identifying in a circuit a signal path having at least one cell with tied input pins; running a timing analysis on the signal path to determine a hold slack at the end of the signal path, wherein the hold slack is the difference of a worst case delay through the signal path and a cycle time of the circuit; and estimating the risk to the signal path of incorrect timing analysis results, the risk related to a ratio of the delay through the at least one cell to the hold slack. 9. The computer-readable medium of generating for a identified signal path having a plurality of cells with tied input pins, a summation of the delays through the plurality of cells with tied input pins; and determining a ratio of the summation to the hold slack, wherein the ratio represents the risk. 10. The computer-readable medium of determining a worst case delay reduction percentage for cells of a selected plurality of cells available in a technology library; and selecting a representative worst case delay reduction percentage for the technology library from the determined worst case delay reduction percentage for the cells. 11. The computer-readable medium of running an analog simulation for each cell with tied input pins in a signal path to determine an analog time delay for each cell; and comparing the analog time delay with a tool time delay associated with each cell, where the tool time delay is determined from the timing analysis tool, the comparison is used to determine the worst case delay reduction percentage. 12. The computer-readable medium of multiplying the ratio by the representative worst case delay reduction percentage to produce a result that represents the risk. 13. The computer-readable medium of determining a worst case delay reduction percentage for each cell available in the technology library. 14. The computer-readable medium of multiplying, for each cell with tied input pins, the delays through the cell by the worst case delay reduction percentage associated with each cell producing an improved delay value; generating for each identified signal path a summation of the improved delay values; determining a ratio of the summation to the hold slack, wherein the ratio represents the risk. 15. An apparatus for estimating a risk of incorrect timing analysis results comprising:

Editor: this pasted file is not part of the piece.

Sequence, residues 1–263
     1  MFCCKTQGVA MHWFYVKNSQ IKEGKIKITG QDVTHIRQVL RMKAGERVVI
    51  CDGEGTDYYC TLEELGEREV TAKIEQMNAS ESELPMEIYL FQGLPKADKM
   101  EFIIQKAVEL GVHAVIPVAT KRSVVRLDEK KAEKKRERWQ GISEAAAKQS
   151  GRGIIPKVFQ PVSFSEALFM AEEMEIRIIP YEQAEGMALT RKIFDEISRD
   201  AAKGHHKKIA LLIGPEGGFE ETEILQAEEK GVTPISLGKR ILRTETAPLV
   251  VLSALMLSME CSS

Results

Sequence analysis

a chip database having a circuit synthesized to a technology library with signal paths having tied input pins; a tools database having timing analysis tools, constraint files and parasitic data for signal paths, delay calculation model tables based on cell characterization data, and a tied input analysis tool; and a processor for running the tied input analysis tool for estimating the risk of incorrect timing analysis of signal paths having cells with tied input pins. 16. The apparatus of a representative worst case delay reduction percentage for the technology library. 17. The apparatus of worst case delay reduction percentages for each cell in the technology library. 18. The apparatus of generating for each identified signal path a summation of the delays through the cells with tied input pins on the identified signal path; and determining a ratio of the summation to a value that is the difference of the worst case delay and the circuits cycle time, wherein the ratio represents the risk. 19. The apparatus of generating for each identified signal path a summation of the delays through the cells with tied input pins; determining a ratio of the summation to a value that is a difference of the worst case delay and the circuits cycle time; and multiplying the ratio by the representative worst case delay reduction percentage to produce a result that represents the risk. 20. The apparatus of multiplying, for each cell with tied input pins, the delays through the cell by the associated worst case delay reduction percentage associated with each cell producing an improved delay value; generating for each identified signal path a summation of the improved delay values; and determining a ratio of the summation to a value that is a difference of the worst case delay and the circuits cycle time, wherein the ratio represents the risk. Description The present invention claims the benefit of U.S. Provisional Application Ser. No. 60/728,451 entitled “An Automated Placement Sensitive Methodology For Large-Scale Logic Modifications To Integrated Circuits Containing Logic BIST” filed on Oct. 20, 2005 which is incorporated by reference herein in its entirety. The present invention relates generally to improved timing analysis methods, and more particularly, to advantageous techniques for measurement and prediction of hold time and the exceeding of hold time limits due to logic cells with tied input pins. The process of developing a chip typically begins with specifying the chip's function in a high level design language (HDL). After verification, the HDL specified design is synthesized into a hardware design that can be manufactured in a selected technology process based on a library of logic cells for the chosen technology. To verify the timing and functionality of the synthesized design, software models of the logic cells and interconnections between the logic cells are used. In the synthesis process, if a non optimal use of a library logic cell is needed to implement a specified function, then a number of inputs to the logic cell may be tied together to create the desired function. For example, if a three input AND function is required and the closest library cell is a four input AND cell, then two inputs to the four input AND cell may be tied together to create the three input AND function. Logic cells with input pins tied together present a unique challenge for delay calculation and timing analysis. Due to limitations in software model characterization of logic cells, cell delay calculation models do not fully capture the impact of simultaneously switching inputs on the delays and transition times of output signals. This is because delay calculation model tables are characterized on an input pin to output pin basis, keeping adjacent pins at a non-blocking constant value during the characterization simulations. This approach leads to calculated delays and transitions through such cells with tied input pins which are much slower than actual silicon behavior. Analog simulations have shown that the actual delays can be as much as 43% faster in a 130 nm process, for example, as compared to the delays calculated by the current delay calculation models. In addition, incorrect delays are calculated for fan out signal paths associated with at least one cell connection made through tied input pins. The calculations for the signal paths through all of the connected cells are affected by the one tied input pin connection due to slower slopes used in the delay calculations. The incorrectly calculated delays may cause hold time analysis for signal paths containing the tied input logic cells to be incorrect and these signal paths may then present a high risk of hold time failure. The magnitude of the timing problem is amplified when numerous tied input logic cells are present in synthesized designs. Moreover, multiple such tied input logic cells may be found in single timing paths. Such problems occur due to a combination of inherent limitations in the synthesis process, limited choices of logic cell types in technology libraries, and restrictive design styles, for example. Among its several aspects, the present invention recognizes that there is a need for more accurately analyzing the effect of tied input logic cells on delay calculations and in assessing a risk of timing and function failure due to such logic cells before fabricating a circuit. To such ends, an embodiment of the present invention provides a method for risk estimation. A signal path having at least one cell with tied input pins is identified in a circuit. A timing analysis on the signal paths is run to determine a hold slack at the end of the signal path, wherein the hold slack is the difference of a worst case delay through the signal path and a cycle time of the circuit. The risk to the signal path of incorrect timing analysis results is estimated to be a ratio of the delay through the at least one cell to the hold slack. Another embodiment of the present invention addresses a computer-readable medium containing a program for risk estimation. A signal path having at least one cell with tied input pins is identified in a circuit. A timing analysis on the signal paths is run to determine a hold slack at the end of the signal path, wherein the hold slack is the difference of a worst case delay through the signal path and a cycle time of the circuit. The risk to the signal path of incorrect timing analysis results is estimated to be a ratio of the delay through the at least one cell to the hold slack. Another embodiment of the present invention addresses an apparatus for estimating a risk of incorrect timing analysis results. The apparatus has a chip database having a circuit synthesized to a technology library with signal paths having tied input pins. The apparatus also has a tools database having timing analysis tools, constraint files and parasitic data for signal paths, delay calculation tables based on cell characterization data, and a tied input analysis tool. A processor, such as a server for example, is used for running the tied input analysis tool for estimating the risk of incorrect timing analysis of signal paths having cells with tied input pins. A more complete understanding of the present invention, as well as other features and advantages of the invention, will be apparent from the following detailed description and the accompanying drawings. The present invention will now be described more fully with reference to the accompanying drawings, in which several embodiments and various aspects of the invention are shown. This invention may, however, be embodied in various forms and should not be construed as being limited to the embodiments set forth herein. Rather, these embodiments are provided so that this disclosure will be thorough and complete, and will fully convey the scope of the invention to those skilled in the art. A timing analysis tool evaluates delays in a signal path beginning at a starting point, such as a latch output, to an end point, such as a latch input. The delays are calculated based on a model of the elements the signal path encounters on its path from the start point to the end point. A signal path delay is required to be less than or equal to the cycle time for the circuit. A positive slack, for example, indicates the signal arrived in less than the cycle time and a negative slack indicates the path exceeded the cycle time. A negative slack indicates that either the circuit must be slowed down thereby increasing the cycle time or the signal path must be sped up, or some combination of the two. Timing analysis and delay models play a critical role in the design of high speed circuits. Delay models include models for routing path capacitance and for the delays through technology library cells that are used. A technology library may include relatively simple functions, such as 4-input AND gates, 2-input OR gates, and the like, and more complex functions, such as, latches, multiple input multiplexers, and the like. These delay models are based upon transistor circuits used to construct the cells. Such delay models, of necessity, due to the millions of cells used in complex chips that must be evaluated, make assumptions on the cell circuit's operating characteristics. In the case of tied-input pins, the delay models may be inaccurate as discussed above. Assessing the timing inaccuracies associated with tied input pins may be accomplished by use of embodiments of the present invention. In addition to the timing analysis tool, a characterization of a cell with tied input pins may be carried out by use of analog simulations. HSPICE®, a registered trademark of Synopsis, Inc., is an example of a tool that provides highly accurate analog simulations of signal paths and cells. Results of HSPICE® simulations of a cell may be compared to the delay values provided by the timing analysis tool for the same cell. Such a comparison is used to generate a worst case delay reduction percentage. Since a technology library contains a large number of cells, the worst case delay reduction percentage for the library as a whole may be estimated by generating an average worst case delay reduction percentage for a select sample of cells. Alternatively, for a conservative analysis, the worst case delay reduction percentage for a select sample of cells which would provide the highest risk in the tied input pin analysis may be used as a representative value for the technology library. Due to the extensive analysis required, the values for worst case delay reduction percentage may not be generally available for cells or for the technology library. If these worst case delay reduction percentages are not available, then the risk associated with a timing path containing N cells with tied input pins can be quantified by examining a ratio between the total delay due to tied input pins on a path versus the available slack on the path. This ratio is referred to by its name as “tied-delay/slack %” and is given by equation 1: